Allegations Swirl Around Pete Buttigieg’s ‘Douglass Plan’

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Democratic Party presidential candidate Pete Buttigieg's campaign released a statement claiming that more than 400 Black South Carolinians had endorsed his plan to fight racial inequality.

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Democratic Party presidential candidate Pete Buttigieg and his campaign have come under criticism after Black leaders in South Carolina questioned their inclusion in a statement promoting his plan to address racial inequality should he be elected.

The statement, published in the HBCU Times on October 24 2019 (the acronym stands for Historically Black Colleges and Universities) stated:

We are over 400 South Carolinians, including business owners, pastors, community leaders, and students. Together, we endorse his Douglass Plan for Black America, the most comprehensive roadmap for tackling systemic racism offered by a 2020 presidential candidate.

Pete recognizes that our challenges are intertwined–that you cannot talk about criminal justice reform without talking about an issue like economic empowerment, and you cannot talk about economic empowerment without talking about things like how our neighborhoods were segregated.

Three political figures from South Carolina — Johnnie Cordero, chair of the South Carolina Democratic Party Black Caucus, Columbia City Council member Tameika Devine and state Rep. Ivory Thigpen — were listed on the byline for the statement, along with “more than 400 Douglass Plan endorsers.”

However, all three refuted the implication that their inclusion constituted an endorsement of Buttigieg, the mayor of South Bend, Indiana. Additionally, The Intercept reported that Thigpen is actually endorsing another candidate, Sen. Bernie Sanders (I-Vermont).

Devine, meanwhile, said Buttigieg’s campaign was “intentionally vague” about the way her involvement was presented.

“Clearly from the number of calls I received about my endorsement, I think the way they put it out there wasn’t clear, that it was an endorsement of the plan, and that may have been intentionally vague,” she said:

I’m political, I know how that works. I do think they probably put it out there thinking people wouldn’t read the fine print or wouldn’t look at the details or even contact the people and say, “Hey, you’re endorsing Mayor Pete?”

Cordero, whose name was later removed from the statement, said he never endorsed the Douglass Plan and asked Buttigieg’s staff for more details on how it was put together, but to no avail.

“I know Pete didn’t draft the plan. I’m sure he had his advisers do it,” he said. “But I wanna know who was involved in this plan such that you can claim that you speak for black America. The long and the short of it was they never sufficiently answered my questions, so I never actually endorsed the plan. They went ahead and used my name.”

The campaign responded in a statement to the Intercept:

We asked a number of Black South Carolinians, as well as South Carolinians from many backgrounds, to support the Douglass Plan, and we are proud and grateful that hundreds agreed to do so.

In the HBCU Times op-ed and in communications with the press, we’ve been clear that not every supporter of the plan is Black, and have never claimed otherwise in any public communication. We never gave the impression publicly that these people were endorsing Pete, only that they supported the plan. After they indicated their support, we reached out to people multiple times giving them the opportunity to review the language of the op-ed and the option to opt-out. We did hear from people who weren’t comfortable being listed and we removed them.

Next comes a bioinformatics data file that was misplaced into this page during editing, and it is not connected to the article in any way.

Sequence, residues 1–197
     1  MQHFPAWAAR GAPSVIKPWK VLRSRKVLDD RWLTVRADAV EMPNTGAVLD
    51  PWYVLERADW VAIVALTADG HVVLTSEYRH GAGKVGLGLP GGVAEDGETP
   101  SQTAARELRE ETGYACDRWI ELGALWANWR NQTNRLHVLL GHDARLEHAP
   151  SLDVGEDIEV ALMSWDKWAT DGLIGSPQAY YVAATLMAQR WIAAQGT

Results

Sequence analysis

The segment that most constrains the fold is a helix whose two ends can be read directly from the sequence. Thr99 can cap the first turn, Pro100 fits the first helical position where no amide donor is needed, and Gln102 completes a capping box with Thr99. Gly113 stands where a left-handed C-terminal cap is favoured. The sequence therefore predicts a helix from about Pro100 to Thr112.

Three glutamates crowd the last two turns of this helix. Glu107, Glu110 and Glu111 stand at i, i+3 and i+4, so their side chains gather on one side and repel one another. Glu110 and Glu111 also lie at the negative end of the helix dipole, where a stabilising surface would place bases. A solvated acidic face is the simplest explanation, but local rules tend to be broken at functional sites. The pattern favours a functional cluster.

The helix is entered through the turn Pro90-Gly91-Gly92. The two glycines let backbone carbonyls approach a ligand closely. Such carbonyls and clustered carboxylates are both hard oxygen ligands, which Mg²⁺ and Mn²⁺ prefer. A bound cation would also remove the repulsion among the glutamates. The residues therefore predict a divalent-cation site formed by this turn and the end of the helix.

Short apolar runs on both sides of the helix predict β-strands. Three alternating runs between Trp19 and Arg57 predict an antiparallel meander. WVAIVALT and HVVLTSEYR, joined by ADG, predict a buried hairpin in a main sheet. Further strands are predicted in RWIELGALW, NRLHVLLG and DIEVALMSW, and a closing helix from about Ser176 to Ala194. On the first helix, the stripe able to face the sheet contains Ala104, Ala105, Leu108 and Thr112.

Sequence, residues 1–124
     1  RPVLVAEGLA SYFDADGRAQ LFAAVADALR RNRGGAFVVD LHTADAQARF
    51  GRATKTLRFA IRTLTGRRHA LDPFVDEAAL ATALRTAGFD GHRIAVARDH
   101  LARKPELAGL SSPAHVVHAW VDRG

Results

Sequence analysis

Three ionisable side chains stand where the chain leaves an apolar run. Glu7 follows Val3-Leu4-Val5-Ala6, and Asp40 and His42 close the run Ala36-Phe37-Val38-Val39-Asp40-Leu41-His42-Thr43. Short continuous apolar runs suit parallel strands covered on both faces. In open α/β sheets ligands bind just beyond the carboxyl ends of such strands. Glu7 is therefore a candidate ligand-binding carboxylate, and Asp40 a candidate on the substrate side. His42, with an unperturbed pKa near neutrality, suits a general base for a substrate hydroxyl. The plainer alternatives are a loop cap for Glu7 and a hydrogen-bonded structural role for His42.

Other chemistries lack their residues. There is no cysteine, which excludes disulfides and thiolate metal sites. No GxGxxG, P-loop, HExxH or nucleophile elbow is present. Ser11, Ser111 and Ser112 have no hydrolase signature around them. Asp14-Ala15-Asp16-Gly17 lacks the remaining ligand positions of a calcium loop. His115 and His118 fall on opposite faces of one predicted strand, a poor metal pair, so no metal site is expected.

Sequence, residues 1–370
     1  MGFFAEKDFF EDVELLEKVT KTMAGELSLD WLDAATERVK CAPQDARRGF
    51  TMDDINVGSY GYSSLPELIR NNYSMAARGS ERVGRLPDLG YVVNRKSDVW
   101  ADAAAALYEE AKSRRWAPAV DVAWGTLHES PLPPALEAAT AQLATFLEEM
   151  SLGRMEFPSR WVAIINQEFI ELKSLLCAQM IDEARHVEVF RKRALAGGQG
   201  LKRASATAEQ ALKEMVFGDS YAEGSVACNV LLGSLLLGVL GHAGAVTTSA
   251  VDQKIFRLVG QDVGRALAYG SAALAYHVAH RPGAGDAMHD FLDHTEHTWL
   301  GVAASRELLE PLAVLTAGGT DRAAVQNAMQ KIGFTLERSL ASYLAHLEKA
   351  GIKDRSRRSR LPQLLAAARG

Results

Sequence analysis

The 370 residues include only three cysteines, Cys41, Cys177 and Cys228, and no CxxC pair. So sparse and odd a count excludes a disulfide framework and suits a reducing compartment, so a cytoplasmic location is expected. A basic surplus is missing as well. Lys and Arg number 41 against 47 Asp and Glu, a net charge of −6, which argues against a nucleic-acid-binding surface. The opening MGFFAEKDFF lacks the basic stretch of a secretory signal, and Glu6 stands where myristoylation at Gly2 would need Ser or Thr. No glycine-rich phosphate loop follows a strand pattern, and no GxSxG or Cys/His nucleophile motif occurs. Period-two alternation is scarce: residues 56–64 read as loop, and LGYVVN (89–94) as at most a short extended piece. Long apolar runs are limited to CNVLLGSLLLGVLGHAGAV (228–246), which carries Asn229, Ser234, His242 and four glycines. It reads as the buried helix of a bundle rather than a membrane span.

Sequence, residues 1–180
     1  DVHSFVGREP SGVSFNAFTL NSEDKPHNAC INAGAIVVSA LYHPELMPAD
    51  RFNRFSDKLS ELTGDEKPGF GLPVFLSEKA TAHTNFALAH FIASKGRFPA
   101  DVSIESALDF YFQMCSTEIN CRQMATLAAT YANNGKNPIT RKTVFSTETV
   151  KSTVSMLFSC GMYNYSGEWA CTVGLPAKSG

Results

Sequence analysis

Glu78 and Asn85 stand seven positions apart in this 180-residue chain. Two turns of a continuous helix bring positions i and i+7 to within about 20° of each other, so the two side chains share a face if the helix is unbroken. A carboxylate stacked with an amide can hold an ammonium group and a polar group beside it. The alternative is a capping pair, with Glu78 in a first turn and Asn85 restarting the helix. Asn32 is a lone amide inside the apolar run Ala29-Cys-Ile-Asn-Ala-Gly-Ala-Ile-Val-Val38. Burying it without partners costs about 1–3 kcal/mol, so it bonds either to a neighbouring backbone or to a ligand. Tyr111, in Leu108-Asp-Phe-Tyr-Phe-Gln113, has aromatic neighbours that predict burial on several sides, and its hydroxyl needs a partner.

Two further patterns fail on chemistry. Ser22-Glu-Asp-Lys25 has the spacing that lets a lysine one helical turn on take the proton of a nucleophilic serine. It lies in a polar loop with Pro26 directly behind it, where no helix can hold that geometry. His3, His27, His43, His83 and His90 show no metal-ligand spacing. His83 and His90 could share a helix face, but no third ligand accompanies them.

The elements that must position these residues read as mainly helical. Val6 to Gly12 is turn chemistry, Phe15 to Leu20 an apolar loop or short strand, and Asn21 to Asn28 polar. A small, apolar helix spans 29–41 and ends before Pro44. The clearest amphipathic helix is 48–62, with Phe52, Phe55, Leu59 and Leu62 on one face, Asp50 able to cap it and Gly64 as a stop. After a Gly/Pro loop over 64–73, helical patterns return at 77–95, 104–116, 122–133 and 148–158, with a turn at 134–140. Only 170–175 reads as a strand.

Compounding the issue, the Intercept also reported that the lead photograph on a Buttigieg campaign webpage promoting the plan was a stock image of a Kenyan woman who was unaware that her image was being used for that purpose.

Buttigieg’s campaign told the Washington Post that while the contractors who chose the photo were not aware of its origin, it was taken down from the site in September 2019.

But the criticism spread even further on Twitter with a popular tweet from Rachel R. Gonzalez, a Democratic Party activist out of Missouri:

Yesterday Pete Buttigieg put out a list of 400 Black South Carolinians that endorse him/his plan.

-A lot of the people are confused because they didn’t endorse.

-42 percent of the list is white.

-They used stock photos from Kenya.

Yet we have heard nothing from his campaign.

Gonzalez also pointed out that far-right activist Charlie Kirk — perhaps best known for his involvement with a stunt that included a college student wearing diapers to a “free speech” event — lifted her original tweet verbatim, but without once acknowledging her as the source:

While some of her claims seem to employ hyperbole — “a lot of the people” expressing confusion, for example, when the reporting focused on three people; and “stock photos” in place of the singular — but the claim that 42 percent of the people in the list is sound.

While the statement does not claim that all of the 422 people listed by name at the conclusion are Black, the Intercept has reported that at least 297 of them appear on the South Carolina state voter rolls.

“But for 184 of them, the voter file lists either one name, or lists multiple people, all of whom self-identify as white — so at least 42 percent of the entire list is white. And that means 62 percent of the 297 names that can be reliably checked are white,” the site said.

The South Carolina Democratic primary is scheduled for February 20 2020. According to a Quinnipiac University poll released on November 18 2019, Buttigieg has amassed the support of 6 percent of all likely voters.